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Islam - History of Islamic Education, Aims and Objectives of Islamic Education
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in this way. The kuttāb could be located in a variety of . and "As God has taught him. Arab society had enjoyed a rich oral tradition. Such verses provide a forceful stimulus for the Islamic community to strive for education and learning. reading and writing for the purpose of accessing the full blessings of the Koran was an aspiration for most Muslims. "O my Lord! Increase me in knowledge" (20:114). Islamic education is uniquely different from other types of educational theory and practice largely because of the all-encompassing influence of the Koran.Highest Education H. placed a high premium on education and has enjoyed a long and rich intellectual tradition. as evidenced by the more than 800 references to it in Islam's most revered book. so let him write" (2:282). Knowledge ('ilm) occupies a significant position within Islam. Islamic education began. the Koran. Pious and learned Muslims (mu' allim or mudarris). Thus. Grad Year Start Date Submit þÿ þÿ þÿ P owered by CampusExplorer. Hence. The importance of education is repeatedly emphasized in the Koran with frequent injunctions. katātīb). dedicated to making the teachings of the Koran more accessible to the Islamic community. taught the faithful in what came to be known as the kuttāb (plural.S. from its inception. The Koran serves as a comprehensive blueprint for both the individual and society and as the primary source of knowledge. The advent of the Koran in the seventh century was quite revolutionary for the predominantly illiterate Arabian society. such as "God will exalt those of you who believe and those who have knowledge to high degrees" (58:11). Thus. education in Islam unequivocally derived its origins from a symbiotic relationship with religious instruction. but the Koran was considered the word of God and needed to be organically interacted with by means of reading and reciting its words.com Islam has.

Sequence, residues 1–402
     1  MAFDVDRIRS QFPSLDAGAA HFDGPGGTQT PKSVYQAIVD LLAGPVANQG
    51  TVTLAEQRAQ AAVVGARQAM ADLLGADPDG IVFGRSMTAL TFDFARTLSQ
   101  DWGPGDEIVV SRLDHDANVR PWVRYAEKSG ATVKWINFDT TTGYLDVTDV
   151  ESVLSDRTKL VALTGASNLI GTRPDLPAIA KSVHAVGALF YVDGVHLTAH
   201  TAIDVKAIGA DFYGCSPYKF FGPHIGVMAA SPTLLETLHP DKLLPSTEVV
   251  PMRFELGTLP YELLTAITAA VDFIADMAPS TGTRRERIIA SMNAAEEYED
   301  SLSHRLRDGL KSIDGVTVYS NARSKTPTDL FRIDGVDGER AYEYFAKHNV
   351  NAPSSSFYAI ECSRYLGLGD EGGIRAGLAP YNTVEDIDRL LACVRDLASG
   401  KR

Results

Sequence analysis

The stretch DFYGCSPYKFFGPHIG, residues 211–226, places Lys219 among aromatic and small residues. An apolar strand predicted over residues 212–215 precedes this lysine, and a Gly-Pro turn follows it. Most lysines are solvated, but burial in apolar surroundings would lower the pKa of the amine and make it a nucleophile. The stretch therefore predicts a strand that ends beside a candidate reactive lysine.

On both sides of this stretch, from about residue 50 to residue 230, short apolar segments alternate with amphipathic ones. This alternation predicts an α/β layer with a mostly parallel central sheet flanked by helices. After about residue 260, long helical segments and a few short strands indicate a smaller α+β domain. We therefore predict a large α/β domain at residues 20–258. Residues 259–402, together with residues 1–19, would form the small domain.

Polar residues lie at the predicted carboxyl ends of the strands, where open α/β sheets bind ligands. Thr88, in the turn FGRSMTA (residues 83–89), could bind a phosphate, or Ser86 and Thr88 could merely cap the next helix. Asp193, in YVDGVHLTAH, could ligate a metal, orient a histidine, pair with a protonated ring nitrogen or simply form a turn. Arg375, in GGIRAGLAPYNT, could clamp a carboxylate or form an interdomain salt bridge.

venues: mosques. and prayer. it has exhibited remarkable durability and continues to be an important means of religious instruction in many Islamic countries. tents. Corporal punishment was often used to correct laziness or imprecision. As Abdul Tibawi wrote in 1972. once anything is written on it. Even at present. the mind of the child was believed to be "like a white clean paper. but with the widespread desire of the faithful to study the Koran. but little or no attempt was made to analyze and discuss the meaning of the text. and was centered on Koranic studies and on religious obligations such as ritual ablutions. katātīb could be found in virtually every part of the Islamic empire by the middle of the eighth century. The kuttāb served a vital social function as the only vehicle for formal public instruction for primary-age children and continued so until Western models of education were introduced in the modern period. it will be difficult to erase it or superimpose new writing upon it" (p. with increased complexity of instruction. Once students had memorized the greater part of the Koran. shops. fasting. Western analysts of the kuttāb system usually criticize two areas of its pedagogy: the limited range of subjects taught and the exclusive reliance on memorization. 38). The value placed on memorization during students' early religious training directly influences their approaches to learning when they enter formal education offered by the modern state. The approach to teaching children was strict. or even out in the open. The focus during the early history of Islam on the education of youth reflected the belief that raising children with correct principles was a holy obligation for parents and society. Memorization of the Koran was central to the curriculum of the kuttāb. private homes. A common frustration of modern educators in the Islamic world is that while their students can memorize . beginning as early as age four. The contemporary kuttāb system still emphasizes memorization and recitation as important means of learning. The curriculum of the kuttāb was primarily directed to young male children. they could advance to higher stages of education. Historians are uncertain as to when the katātīb were first established. and the conditions in which young students learned could be quite harsh. right or wrong.